W3C home > Mailing lists > Public > public-rdf-dawg@w3.org > October to December 2004

Re: tests and inference?

From: Seaborne, Andy <andy.seaborne@hp.com>
Date: Thu, 16 Dec 2004 13:42:32 +0000
Message-ID: <41C190C8.8060607@hp.com>
To: "Thompson, Bryan B." <BRYAN.B.THOMPSON@saic.com>
Cc: 'Dan Connolly ' <connolly@w3.org>, 'RDF Data Access Working Group ' <public-rdf-dawg@w3.org>, "Bebee, Bradley R." <BRADLEY.R.BEBEE@saic.com>

Thompson, Bryan B. wrote:
> Andy,
> So, would you agree that, as things stand, we can not have test cases for
> the
> functional performance of a SPAQL server as part of the spec?

I was talking about the query language, not the protocol.  Testing servers is 
about protocol.  What is not covered in testing functional performance that is 
not covered by issuing queries and checking the results?  Example?

I'll defer on what we are doing about testing the protocol - it's harder (not 
impossible) than testing just the query language as it is built on several 
different components which interact (HTTP, networking, the query processor).

> If so, then I think that this is an issue that needs to be addressed.  The
> simplest path would be to specify conformance for servers with no inference,
> and then leave clients on their own when the server was performing
> inference.
> I also think that this issue is sufficiently important that DAWG might re-
> consider a means in the protocol for the client to demand NO inference,

Coudln't that be done by asking a different service?  An RDF graph is the unit 
being queried (or collection of graphs in the case of SOURCE).  If a publisher 
wishes to provide access to both inference and non-inference versions of some 
information, then this can be achieved by having two services.  If the publisher 
does not wish to do that, then let's allow that choice as well.

 > if
> only so the client could establish a baseline against which to understand
> whether or not the server was performing correctly.

I don't completely understand this - "performing correctly" means returning the 
right answers.

If the testing is by the information publisher, then they can choose to do this 
(internally to their deployment) how they want.   No protocol defined feature 

If the testing is by a regular client, then I don't understand what acess to the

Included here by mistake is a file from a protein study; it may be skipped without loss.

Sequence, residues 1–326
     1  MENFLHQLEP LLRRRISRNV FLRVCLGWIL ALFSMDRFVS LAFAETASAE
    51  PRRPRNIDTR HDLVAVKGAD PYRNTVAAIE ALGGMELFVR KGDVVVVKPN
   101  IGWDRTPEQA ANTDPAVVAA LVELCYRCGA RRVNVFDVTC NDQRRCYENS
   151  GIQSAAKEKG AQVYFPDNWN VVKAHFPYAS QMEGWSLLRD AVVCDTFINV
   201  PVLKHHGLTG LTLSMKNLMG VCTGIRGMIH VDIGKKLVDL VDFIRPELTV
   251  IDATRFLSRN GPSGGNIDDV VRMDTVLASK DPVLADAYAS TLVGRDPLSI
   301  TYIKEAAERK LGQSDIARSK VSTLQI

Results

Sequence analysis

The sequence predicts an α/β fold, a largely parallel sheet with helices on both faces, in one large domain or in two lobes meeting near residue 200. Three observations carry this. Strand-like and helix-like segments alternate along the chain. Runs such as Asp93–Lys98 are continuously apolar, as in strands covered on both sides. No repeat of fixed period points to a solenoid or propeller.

non-inference version achieves.  The service is query over one of more RDF 
graphs.  How those graphs come about is an implementation matter and a matter 
for what the publisher chooses to make available.  I don't think we need define 
("an implementation must provide to be compliant") a feature, leave it to teh 
publishers to decide what services to make available.


> As you say, there is no means to have functional tests in the broader realm
> of server-based inference.
> -bryan
> -----Original Message-----
> From: Seaborne, Andy [mailto:andy.seaborne@hp.com] 
> Sent: Thursday, December 16, 2004 7:59 AM
> To: Thompson, Bryan B.
> Cc: 'Dan Connolly '; 'public-rdf-dawg-request@w3.org '; 'RDF Data Access
> Working Group '; Bebee, Bradley R.
> Subject: Re: tests and inference?
> Thompson, Bryan B. wrote:
>>Based on my current understanding, the client is not able to either be 
>>informed concering what inferences the server may draw, nor is able to 
>>constrain what kinds of inference the server may perform.
> Not within the query language itself.
> For the description of capabilities:
> Such information could be recorded in RDF in a service description.  This
> would 
> seem to be the way to get any information relating to the service made
> available 
> - assert some RDF facts.
> Like RDF assertions about any document - we (DAWG) don't need to provide a 
> mechanism to find, publish, change, sign, ... such information as it can be
> a 
> regular RDF graph somewhere.
> For the constraining of queries:
> Different services would offer different capabilities.  I think the spectrum
> of 
> possibilities is wide enough that there is no fixed set we could define now
> and 
> be useful - implementations don't fall into a neat set of a few classes of 
> functionality.
> 	Andy
>> Given this,
>>how can SPARQL tests be written that could be used to demonstrate 
>>(non-) conformance by SPARQL processors that perform inference?
Received on Thursday, 16 December 2004 13:42:48 UTC

This archive was generated by hypermail 2.3.1 : Wednesday, 7 January 2015 15:00:45 UTC